“No such thing as bad publicity…” – June 25
I’ve read some posts to the effect that this is the most entertaining Hugo season ever. We now see how the bad press is playing out. Because of the brouhaha, many more people now know that there is a Hugo Award for science fiction and/or fantasy. WorldCon is busting at the seams, and supporting memberships are going like hotcakes. People are busy reading and reviewing the nominations. Do you suppose the Nebula’s could arrange for Vox Day to game their system next year? Nevermind, just kidding.
A few blogs back, I did suggest that Day was in marketing mode with this Rabid Puppies scheme. His name has been up there in the lights for weeks now. The interesting thing is, so has the Hugo Awards, WorldCon, Tor Books, Irene Gallo, Moshe Feder and Patrick and Teresa Nielsen Hayden. I’d be willing to bet Tor comes out with a little spike in sales.
Bruce Baugh on Obsidian Wings
“On accusations of *-ism and prejudice” – June 26
[Promoted from a File 770 comment to a standalone blog post.]
….Other people believe that we never altogether escape our legacies, and that they include a bunch of ugly screwed-up stuff as well as good things. We can — and should — aim to do better, but perfection isn’t attainable, and we are likely to do small harms (and sometimes larger ones) all the time. Sometimes it’s through ignorance, sometimes it’s through laziness and unwillingness to change the habits that give hurt, usually it’s a fair dose of both. In this view, dishing out harm is a routine though unwelcome part of life, and it’s no great achievement — but also no great burden, really — to respond by acknowledging it, apologizing, seeing what you can do to repair things, and then working to not do that particular one again. As Huey Lewis put it once, “All I want from tomorrow / is to get it better than today.”
This view is more common among people who are “marked”: those who are hyphenated Americans, who will have to say something to avoid incorrect assumptions about the sex or gender of their loved ones, who can expect to be called a “lady X” instead of just “an X”, and so on. They have more experience of being on the receiving end of a lot of unintended but nonetheless genuinely hurtful junk, and of seeing other deny responsibility for the hurt they’ve given. They see too how even when dealing with their own friends, family, and peers, disparaging attitudes about their kind can slip in and color what they do. (This is what “internalized” bigotry means: believing crap about yourself and people like you, and treating yourself or others like you the way people with social advantages over you are prone to.)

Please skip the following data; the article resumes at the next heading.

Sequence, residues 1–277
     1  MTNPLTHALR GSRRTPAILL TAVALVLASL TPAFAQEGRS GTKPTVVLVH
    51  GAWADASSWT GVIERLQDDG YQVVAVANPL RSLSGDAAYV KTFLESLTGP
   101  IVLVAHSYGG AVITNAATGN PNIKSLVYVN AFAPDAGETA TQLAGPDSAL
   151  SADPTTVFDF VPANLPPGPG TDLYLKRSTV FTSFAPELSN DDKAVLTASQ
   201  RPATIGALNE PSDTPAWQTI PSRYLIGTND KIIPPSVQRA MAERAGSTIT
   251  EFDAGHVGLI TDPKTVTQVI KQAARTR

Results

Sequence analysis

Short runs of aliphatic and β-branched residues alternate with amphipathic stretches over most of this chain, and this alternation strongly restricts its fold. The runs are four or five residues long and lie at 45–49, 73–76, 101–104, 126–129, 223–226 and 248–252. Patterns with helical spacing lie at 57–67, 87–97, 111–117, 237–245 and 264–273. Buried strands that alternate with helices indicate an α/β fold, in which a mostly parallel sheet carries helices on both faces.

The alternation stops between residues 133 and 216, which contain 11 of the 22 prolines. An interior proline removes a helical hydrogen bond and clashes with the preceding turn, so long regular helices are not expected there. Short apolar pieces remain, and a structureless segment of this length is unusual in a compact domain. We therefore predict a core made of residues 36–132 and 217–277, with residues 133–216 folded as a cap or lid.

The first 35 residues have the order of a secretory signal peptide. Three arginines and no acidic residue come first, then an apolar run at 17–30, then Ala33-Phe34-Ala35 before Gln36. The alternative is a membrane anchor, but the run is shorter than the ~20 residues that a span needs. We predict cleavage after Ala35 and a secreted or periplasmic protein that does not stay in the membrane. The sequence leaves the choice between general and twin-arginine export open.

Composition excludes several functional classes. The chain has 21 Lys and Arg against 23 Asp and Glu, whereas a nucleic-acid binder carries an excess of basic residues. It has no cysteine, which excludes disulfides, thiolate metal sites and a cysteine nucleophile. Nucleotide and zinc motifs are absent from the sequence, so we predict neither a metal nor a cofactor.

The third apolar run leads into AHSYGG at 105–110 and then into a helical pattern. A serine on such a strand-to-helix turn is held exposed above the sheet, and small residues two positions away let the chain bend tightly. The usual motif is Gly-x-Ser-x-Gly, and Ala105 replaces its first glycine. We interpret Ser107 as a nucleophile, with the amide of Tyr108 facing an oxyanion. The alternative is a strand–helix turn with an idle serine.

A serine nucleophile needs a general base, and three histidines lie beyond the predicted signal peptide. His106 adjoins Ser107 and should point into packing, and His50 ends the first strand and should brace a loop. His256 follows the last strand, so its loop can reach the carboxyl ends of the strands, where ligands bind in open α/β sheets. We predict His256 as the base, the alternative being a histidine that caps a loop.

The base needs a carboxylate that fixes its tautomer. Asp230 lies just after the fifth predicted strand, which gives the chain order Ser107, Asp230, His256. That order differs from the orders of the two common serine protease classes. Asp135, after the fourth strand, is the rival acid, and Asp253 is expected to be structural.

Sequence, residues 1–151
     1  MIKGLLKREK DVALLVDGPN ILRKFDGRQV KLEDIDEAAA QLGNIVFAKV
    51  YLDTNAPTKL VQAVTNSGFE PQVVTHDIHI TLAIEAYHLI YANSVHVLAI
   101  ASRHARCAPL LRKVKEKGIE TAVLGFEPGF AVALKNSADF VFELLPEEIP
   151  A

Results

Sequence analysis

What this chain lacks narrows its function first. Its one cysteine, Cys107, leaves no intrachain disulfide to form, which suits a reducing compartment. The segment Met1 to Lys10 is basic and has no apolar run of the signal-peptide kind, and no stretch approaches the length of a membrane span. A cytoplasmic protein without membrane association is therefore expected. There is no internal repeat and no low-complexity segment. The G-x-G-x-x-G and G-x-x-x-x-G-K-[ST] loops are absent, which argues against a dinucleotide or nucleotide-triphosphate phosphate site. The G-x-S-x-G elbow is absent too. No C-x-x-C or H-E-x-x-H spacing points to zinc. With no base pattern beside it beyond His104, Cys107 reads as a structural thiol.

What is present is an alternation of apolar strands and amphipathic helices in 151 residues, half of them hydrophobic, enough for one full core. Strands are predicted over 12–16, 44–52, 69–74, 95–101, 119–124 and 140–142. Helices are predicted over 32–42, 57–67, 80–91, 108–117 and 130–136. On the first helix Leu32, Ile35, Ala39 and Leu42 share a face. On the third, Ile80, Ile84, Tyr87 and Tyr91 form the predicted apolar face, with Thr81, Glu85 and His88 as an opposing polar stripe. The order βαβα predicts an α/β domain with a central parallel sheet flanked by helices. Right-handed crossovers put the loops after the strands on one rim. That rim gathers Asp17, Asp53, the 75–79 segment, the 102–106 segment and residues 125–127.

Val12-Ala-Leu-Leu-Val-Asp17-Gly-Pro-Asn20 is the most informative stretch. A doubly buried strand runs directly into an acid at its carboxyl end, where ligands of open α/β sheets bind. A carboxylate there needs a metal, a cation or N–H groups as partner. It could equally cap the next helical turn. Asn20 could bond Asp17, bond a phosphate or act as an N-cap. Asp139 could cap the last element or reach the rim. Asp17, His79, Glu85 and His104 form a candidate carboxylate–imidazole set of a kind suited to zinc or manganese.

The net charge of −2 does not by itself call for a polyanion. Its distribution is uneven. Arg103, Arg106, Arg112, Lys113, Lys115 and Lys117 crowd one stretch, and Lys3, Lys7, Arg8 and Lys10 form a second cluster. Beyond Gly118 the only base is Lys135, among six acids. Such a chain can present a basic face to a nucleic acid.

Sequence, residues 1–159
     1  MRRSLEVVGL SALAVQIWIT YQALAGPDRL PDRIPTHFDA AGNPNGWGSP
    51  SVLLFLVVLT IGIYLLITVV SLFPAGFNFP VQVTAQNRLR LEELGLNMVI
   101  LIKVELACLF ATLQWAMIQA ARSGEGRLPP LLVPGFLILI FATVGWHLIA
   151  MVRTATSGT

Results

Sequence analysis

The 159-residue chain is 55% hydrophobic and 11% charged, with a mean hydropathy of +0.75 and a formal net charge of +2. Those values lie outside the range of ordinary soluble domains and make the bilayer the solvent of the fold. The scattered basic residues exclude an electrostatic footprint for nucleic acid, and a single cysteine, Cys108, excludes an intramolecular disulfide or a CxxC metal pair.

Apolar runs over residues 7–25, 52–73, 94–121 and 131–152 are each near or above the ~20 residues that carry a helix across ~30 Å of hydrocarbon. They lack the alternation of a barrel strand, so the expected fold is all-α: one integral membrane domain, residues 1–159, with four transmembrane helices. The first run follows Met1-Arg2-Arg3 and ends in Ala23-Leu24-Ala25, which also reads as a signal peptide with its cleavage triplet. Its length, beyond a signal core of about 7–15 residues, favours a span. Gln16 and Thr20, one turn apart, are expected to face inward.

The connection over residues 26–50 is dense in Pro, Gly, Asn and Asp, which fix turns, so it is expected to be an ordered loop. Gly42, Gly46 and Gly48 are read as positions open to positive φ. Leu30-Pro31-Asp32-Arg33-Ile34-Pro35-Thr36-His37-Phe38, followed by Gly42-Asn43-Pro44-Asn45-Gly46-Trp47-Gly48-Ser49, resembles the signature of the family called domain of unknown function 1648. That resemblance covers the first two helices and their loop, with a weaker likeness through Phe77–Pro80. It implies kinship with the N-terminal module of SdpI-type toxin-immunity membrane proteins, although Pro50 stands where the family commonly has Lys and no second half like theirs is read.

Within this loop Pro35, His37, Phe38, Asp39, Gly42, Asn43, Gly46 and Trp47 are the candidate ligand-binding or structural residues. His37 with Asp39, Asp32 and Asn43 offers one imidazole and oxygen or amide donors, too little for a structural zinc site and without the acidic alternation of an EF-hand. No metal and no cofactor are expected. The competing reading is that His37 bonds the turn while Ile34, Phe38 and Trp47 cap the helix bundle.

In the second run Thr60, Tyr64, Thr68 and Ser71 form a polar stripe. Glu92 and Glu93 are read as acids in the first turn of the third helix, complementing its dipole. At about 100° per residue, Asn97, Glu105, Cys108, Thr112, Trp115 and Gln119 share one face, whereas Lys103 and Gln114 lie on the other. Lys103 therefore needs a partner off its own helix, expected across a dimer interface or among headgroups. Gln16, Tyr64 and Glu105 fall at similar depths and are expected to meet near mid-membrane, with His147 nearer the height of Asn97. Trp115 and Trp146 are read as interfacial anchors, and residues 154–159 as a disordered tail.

In my view, the second approach is vastly more realistic. We do all screw up a bunch all the time. Nobody can go through life constantly apologizing…but we can go through life recognizing that we do things worth apologizing for all the time, and try to do better. We can be humble about our limitations….
[“Kary’s apology” included at her request.]
I also wish people like Brad, Larry and other SP notables would come out and say “Hey, this* isn’t what we intended or what we hoped would happen. We’re sorry the whole thing has become such a mess.” (*where “this” means locking up the ballot and shutting out other works)
I don’t consider myself a spokesperson for the SP, or even an SP notable, but I’ll say it. I never got involved in this with any idea that I’d even make the ballot, much less that VD would run his own campaign or that there would be a ballot sweep. If I’d known that, I wouldn’t have participated. To the extent that I’ve been part of that, even unknowingly, I apologize.